One of the most common methods by which phishing malware can capture your credentials on an Android device is by letting one app overlay its screen on top of another app.
You'll think you're typing in your password into Uber, WhatsApp or a banking app, but you might really be giving it to Crazy Ivan and his gang of pimply cyberthieves. Or you might think you're playing a mobile game, but you're really pushing buttons that let one app install other apps. Or the screen will lock up with a ransomware message saying that you have to pay up to access other apps.
Yet Google, much to the chagrin of security researchers, has permitted any app downloaded from the Play Store to overlay another. (Facebook Messenger, among other legitimate apps, uses this feature for notifications.) Now, says the Israeli security firm Check Point, screen overlays will be dialed back in the next major update to the operating system, Android O.
That's a boon to everyone who uses an Android device. While it won't eliminates the phishing threat, it will make it less easy for miscreants to steal your credentials.
According to a Check Point report posted yesterday (May 9), Google tried to contain the screen-overlay threat with the release of
Android 6.0 Marshmallow, which turned off the feature by default and asked the user to authorize the feature whenever one app wanted to overlay its screen on top of another.
But that created problems with legitimate apps, such as Facebook Messenger, that use screen overlays to alert users to new messages. So with the next version of Marshmallow, Android 6.0.1, Google scaled back the security and allowed any app downloaded from the Google Play Store to overlay other apps without user authorization. (Overlays from apps that come from outside Google Play still require the user's OK.)
That's a problem, because while the vast majority of Android malware comes from "off-road" app markets, malicious apps do make it into Google Play. And thanks to the screen-overlay function, they can capture your credentials pretty easily. That message you think is coming from the app you're using may in fact be from a rogue app that is going to transmit your stolen password back to the bad guys.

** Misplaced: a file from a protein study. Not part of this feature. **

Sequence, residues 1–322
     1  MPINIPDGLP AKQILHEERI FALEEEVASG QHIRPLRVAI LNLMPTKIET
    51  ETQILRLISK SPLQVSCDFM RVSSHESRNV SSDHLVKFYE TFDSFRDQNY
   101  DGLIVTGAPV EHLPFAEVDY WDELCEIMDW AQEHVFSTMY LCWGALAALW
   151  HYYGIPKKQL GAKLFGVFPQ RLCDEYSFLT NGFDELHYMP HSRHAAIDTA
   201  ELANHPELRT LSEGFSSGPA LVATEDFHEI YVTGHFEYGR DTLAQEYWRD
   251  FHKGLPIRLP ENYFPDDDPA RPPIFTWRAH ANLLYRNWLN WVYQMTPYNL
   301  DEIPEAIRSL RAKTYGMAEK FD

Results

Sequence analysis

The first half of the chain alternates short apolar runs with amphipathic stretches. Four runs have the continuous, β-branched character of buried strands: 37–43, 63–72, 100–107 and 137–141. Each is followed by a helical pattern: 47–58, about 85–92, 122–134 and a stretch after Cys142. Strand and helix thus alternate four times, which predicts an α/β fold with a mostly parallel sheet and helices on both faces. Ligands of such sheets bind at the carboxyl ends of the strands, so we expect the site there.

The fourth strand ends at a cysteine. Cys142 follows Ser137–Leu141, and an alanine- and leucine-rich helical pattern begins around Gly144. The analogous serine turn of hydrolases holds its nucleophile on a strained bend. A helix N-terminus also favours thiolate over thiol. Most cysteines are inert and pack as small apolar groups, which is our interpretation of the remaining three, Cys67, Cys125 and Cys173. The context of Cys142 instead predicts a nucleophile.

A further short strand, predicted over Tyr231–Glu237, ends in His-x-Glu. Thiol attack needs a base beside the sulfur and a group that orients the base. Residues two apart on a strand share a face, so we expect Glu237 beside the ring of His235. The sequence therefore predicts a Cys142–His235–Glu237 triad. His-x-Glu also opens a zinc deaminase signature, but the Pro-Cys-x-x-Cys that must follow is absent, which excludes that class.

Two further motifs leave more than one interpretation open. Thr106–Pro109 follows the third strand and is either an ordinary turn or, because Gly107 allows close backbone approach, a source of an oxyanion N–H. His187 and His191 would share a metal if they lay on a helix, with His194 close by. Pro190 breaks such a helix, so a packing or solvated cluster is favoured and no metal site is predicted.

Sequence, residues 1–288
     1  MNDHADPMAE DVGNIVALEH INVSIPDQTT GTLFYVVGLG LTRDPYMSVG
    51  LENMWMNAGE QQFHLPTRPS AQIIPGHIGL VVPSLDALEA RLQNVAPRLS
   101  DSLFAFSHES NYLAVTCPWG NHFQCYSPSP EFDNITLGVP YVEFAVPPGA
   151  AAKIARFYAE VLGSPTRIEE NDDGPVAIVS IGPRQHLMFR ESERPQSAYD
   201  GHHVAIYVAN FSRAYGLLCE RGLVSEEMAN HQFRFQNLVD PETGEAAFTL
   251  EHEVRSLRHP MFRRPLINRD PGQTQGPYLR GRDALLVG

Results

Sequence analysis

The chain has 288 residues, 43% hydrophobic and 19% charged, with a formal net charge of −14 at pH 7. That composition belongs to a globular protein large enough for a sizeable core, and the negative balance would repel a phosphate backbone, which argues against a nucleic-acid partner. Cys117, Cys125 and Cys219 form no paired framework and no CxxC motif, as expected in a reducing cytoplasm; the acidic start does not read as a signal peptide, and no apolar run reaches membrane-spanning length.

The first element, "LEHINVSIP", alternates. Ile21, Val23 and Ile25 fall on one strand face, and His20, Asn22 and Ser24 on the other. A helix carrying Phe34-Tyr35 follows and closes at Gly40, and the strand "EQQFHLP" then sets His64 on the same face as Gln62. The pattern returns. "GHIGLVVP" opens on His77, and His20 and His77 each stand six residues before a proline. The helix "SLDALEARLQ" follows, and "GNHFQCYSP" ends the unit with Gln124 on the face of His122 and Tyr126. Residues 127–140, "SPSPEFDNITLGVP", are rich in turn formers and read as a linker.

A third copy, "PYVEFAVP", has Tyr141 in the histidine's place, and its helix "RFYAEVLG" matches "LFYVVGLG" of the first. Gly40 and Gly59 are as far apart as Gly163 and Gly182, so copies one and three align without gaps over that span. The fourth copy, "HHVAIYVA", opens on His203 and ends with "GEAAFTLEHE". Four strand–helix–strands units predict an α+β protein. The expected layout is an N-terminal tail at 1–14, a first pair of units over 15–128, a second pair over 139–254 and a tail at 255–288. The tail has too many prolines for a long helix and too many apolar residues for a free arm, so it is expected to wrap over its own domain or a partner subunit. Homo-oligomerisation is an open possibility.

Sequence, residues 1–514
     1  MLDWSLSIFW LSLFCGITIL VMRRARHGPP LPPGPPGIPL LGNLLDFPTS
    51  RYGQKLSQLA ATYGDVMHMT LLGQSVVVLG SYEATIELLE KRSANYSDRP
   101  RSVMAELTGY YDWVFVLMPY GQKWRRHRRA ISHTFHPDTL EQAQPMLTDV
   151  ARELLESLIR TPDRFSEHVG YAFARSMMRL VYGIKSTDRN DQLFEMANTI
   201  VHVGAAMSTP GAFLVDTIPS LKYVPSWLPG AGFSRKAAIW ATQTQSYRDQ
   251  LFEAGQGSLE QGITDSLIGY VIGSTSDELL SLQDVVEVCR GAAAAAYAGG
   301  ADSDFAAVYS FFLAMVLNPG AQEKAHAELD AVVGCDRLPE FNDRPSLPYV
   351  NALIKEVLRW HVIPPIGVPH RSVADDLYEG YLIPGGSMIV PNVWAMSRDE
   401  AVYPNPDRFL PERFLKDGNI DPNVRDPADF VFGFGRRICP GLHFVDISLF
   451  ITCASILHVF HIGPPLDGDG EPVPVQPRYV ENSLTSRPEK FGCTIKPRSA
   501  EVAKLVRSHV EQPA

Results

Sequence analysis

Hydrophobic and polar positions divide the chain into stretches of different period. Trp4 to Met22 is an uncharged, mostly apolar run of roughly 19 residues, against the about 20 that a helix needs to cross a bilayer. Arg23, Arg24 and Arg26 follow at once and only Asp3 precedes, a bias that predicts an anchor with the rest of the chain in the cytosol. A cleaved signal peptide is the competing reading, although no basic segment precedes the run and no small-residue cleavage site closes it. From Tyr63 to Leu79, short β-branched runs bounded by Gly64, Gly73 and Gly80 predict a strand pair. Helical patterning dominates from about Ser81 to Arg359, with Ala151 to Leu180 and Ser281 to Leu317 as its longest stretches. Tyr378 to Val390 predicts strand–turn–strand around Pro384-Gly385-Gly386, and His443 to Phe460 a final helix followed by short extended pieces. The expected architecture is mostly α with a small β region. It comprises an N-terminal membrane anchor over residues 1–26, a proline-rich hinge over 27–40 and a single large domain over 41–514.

When Check Point "reported" the screen-overlay issue to Google — "mentioned" might be more accurate, because this issue has been openly discussed for a few years — the tech titan responded that the issue will be dealt with in Android O, expected to roll out this fall.
The new OS will still permit screen overlays, but the overlays will lie "under" what Google dubs "critical system windows," such as the on-screen keyboard and the status bar at the top of the screen. In that way, screen overlays will theoretically be more obvious to users.
That's good news. But, as with previous Android versions, the latest letter-grade revision will take months to spread out to the cornucopia of Android devices. Google's Pixel and Nexus handsets will get the update first, likely followed by Samsung Galaxy smartphones and other flagship devices later in the year. As for the rest of the Android ecosystem, owners of those devices know to not hold their breath for their carriers to push out an update.
So what can you do now?
Aside from looking at apps in the Google Play store with a healthy amount of suspicion, you can take a couple of steps to protect your phone from malware that exploits the screen-overlay issue.
First, make sure that "Unknown sources" is unchecked in your device's security settings. That will prevent your device from downloading any software from outside the Google Play store.
Second, give your Android device the gift of antivirus software, which will stop almost all malware from installing. Our favorite paid (Bitdefender Mobile Security) and freemium (Norton Mobile Security) options both earned perfect 100-percent malware detection rates in recent independent testing.